The Kamasutra, composed in the third century CE, is the worlds most famous textbook of erotic love. There is nothing remotely like it even today, and for its time it was astonishingly sophisticated. Yet, it is all but ignored as a serious work in its country of origin sometimes taken as a matter of national shame rather than pride and in the rest of the world it is a source of amused amazement, and inspires magazine articles that offer mattress-quaking sex styles such as the backstairs boogie and the spider web.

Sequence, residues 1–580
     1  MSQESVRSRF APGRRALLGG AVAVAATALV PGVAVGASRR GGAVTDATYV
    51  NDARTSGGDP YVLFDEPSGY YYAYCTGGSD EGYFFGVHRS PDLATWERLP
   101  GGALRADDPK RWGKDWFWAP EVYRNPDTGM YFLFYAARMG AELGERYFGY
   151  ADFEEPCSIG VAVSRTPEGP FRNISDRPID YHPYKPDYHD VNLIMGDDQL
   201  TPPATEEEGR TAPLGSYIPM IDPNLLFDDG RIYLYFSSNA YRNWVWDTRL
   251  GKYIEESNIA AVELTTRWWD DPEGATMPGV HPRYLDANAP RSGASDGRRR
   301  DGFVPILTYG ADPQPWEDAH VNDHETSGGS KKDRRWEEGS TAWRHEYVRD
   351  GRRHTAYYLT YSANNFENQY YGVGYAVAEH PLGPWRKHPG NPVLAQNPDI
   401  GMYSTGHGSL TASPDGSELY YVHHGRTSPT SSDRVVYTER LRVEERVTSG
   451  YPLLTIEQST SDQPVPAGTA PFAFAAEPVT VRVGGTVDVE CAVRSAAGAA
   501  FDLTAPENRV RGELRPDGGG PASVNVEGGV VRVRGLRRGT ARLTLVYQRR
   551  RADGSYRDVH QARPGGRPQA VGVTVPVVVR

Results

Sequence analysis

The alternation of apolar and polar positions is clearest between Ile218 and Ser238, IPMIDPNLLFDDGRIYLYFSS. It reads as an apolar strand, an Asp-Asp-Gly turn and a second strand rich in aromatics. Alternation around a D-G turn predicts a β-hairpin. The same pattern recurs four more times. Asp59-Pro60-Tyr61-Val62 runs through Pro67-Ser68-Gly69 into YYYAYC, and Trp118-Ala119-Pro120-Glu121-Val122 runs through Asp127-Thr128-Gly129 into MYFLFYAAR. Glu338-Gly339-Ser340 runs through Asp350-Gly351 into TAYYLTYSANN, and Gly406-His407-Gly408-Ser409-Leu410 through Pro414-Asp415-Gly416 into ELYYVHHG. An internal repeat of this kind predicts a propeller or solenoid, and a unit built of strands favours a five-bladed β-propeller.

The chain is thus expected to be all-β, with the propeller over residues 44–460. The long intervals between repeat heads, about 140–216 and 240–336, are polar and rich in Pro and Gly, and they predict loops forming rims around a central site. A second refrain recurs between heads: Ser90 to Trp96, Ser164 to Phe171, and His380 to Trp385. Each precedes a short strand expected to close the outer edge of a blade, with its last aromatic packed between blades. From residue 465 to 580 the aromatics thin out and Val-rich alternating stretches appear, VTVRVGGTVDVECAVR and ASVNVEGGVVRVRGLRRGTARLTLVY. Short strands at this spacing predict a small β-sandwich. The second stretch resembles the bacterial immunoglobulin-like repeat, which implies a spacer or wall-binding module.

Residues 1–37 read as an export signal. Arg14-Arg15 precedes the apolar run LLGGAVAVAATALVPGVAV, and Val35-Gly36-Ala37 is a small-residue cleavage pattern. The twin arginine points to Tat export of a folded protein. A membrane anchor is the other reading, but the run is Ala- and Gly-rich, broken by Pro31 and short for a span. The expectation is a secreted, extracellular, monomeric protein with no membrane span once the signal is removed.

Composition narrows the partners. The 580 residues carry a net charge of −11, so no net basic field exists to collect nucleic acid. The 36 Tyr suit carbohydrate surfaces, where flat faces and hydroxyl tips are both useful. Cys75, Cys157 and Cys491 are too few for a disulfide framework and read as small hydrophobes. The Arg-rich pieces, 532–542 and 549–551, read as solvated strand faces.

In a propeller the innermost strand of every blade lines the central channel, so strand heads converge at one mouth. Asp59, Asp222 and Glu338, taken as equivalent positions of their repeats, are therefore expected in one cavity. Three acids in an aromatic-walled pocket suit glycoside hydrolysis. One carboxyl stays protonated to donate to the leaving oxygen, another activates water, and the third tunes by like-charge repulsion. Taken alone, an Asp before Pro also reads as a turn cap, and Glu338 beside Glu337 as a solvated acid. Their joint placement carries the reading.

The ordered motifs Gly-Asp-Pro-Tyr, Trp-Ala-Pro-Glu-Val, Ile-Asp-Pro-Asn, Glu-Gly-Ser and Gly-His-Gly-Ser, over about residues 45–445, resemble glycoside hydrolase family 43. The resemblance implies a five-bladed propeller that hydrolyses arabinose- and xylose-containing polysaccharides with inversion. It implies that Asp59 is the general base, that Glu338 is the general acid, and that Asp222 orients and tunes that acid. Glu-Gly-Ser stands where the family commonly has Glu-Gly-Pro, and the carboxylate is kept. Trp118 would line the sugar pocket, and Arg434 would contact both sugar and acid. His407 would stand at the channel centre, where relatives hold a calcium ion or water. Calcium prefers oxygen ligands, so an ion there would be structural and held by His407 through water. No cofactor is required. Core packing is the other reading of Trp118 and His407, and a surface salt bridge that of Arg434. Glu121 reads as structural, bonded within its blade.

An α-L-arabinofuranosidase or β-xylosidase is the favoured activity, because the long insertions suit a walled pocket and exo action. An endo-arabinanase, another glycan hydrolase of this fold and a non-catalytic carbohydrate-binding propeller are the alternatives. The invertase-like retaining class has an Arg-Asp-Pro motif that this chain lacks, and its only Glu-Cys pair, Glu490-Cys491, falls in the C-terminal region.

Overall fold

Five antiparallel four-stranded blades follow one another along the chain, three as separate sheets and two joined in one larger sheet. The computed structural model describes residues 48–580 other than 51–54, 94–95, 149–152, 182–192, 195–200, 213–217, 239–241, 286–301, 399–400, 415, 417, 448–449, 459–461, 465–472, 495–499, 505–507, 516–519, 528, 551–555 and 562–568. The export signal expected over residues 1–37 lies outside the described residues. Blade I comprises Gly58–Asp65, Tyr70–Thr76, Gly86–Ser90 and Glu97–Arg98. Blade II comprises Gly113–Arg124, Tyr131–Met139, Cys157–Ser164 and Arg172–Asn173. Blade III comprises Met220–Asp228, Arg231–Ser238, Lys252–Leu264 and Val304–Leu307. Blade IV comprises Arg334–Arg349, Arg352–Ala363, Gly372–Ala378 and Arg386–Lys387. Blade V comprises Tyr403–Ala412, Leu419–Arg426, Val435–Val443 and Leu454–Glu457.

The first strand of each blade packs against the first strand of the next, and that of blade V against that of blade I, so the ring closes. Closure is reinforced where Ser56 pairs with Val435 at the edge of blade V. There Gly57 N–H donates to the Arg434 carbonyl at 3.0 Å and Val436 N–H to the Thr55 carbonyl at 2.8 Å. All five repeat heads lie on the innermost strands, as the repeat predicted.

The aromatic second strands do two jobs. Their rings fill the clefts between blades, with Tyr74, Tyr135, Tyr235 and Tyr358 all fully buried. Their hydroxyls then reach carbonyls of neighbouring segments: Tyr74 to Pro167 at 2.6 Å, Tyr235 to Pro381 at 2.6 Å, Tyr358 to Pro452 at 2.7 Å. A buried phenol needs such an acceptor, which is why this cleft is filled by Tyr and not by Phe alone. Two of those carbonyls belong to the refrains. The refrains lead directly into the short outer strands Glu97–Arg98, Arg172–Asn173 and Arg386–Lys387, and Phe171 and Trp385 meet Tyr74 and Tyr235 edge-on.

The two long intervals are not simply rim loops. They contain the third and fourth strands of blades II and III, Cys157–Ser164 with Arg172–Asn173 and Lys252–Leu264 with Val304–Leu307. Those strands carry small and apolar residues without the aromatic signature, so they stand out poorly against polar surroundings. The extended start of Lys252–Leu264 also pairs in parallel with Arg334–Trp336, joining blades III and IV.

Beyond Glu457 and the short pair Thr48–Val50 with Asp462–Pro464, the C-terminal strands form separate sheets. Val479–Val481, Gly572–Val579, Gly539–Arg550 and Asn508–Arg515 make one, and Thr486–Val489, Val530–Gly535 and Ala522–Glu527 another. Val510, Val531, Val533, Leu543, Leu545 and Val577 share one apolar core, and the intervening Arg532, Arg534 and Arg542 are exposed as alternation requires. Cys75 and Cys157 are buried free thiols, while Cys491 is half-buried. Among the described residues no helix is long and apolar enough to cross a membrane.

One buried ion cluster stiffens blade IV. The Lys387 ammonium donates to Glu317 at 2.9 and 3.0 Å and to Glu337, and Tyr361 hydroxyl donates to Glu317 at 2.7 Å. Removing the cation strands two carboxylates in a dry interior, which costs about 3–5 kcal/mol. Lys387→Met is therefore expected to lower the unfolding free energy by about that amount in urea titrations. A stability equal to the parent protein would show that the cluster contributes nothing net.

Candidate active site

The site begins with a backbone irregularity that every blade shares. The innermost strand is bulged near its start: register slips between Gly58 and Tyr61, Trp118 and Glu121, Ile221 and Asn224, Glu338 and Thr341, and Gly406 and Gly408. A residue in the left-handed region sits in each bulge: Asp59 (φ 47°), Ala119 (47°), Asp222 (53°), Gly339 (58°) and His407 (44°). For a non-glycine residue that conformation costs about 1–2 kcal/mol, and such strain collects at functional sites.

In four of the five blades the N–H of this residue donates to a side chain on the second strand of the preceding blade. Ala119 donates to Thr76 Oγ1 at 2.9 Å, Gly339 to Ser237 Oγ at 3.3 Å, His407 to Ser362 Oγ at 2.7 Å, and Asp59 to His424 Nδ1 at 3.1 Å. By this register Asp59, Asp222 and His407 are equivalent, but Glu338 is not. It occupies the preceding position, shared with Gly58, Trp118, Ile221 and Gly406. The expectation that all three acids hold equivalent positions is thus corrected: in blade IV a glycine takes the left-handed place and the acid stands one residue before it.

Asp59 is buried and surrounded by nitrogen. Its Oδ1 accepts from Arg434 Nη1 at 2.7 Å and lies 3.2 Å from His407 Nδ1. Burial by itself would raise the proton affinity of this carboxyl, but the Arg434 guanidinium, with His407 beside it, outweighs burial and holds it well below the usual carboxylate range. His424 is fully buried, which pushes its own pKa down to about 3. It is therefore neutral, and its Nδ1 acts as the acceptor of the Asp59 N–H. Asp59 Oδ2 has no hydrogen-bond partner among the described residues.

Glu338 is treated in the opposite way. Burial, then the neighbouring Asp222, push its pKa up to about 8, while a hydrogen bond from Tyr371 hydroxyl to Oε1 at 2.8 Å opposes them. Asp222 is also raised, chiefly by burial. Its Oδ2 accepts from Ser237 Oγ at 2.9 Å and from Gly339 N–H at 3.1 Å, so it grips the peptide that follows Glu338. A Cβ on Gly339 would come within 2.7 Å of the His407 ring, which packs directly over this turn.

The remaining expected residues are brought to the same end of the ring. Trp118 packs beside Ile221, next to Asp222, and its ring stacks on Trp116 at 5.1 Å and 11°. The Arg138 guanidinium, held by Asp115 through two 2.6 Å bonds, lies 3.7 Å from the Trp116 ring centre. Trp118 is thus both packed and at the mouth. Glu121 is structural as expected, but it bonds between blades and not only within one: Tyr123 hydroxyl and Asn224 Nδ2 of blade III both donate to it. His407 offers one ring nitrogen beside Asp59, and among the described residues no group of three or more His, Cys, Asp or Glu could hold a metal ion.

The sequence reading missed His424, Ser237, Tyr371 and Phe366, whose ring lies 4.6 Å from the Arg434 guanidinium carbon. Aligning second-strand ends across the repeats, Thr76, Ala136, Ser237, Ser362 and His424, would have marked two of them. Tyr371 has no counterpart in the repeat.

In this scholarly and superbly readable book, one of the worlds foremost authorities on ancient Indian texts seeks to restore the Kamasutra to its proper place in the Sanskrit canon, as a landmark of Indias secular literature. She reveals to us fascinating aspects of the Kamasutra as a guide to the art of living for the cosmopolitan beau monde of ancient India, its emphasis on grooming and etiquette (including post-coital conversation), the study and practice of the arts (ranging from cooking and composing poetry to colouring ones teeth and mixing perfumes), and discretion and patience in conducting affairs (especially adulterous affairs). In its encyclopaedic social and psychological narratives, it also displays surprisingly modern ideas about gender and role-playing, female sexuality and homosexual desire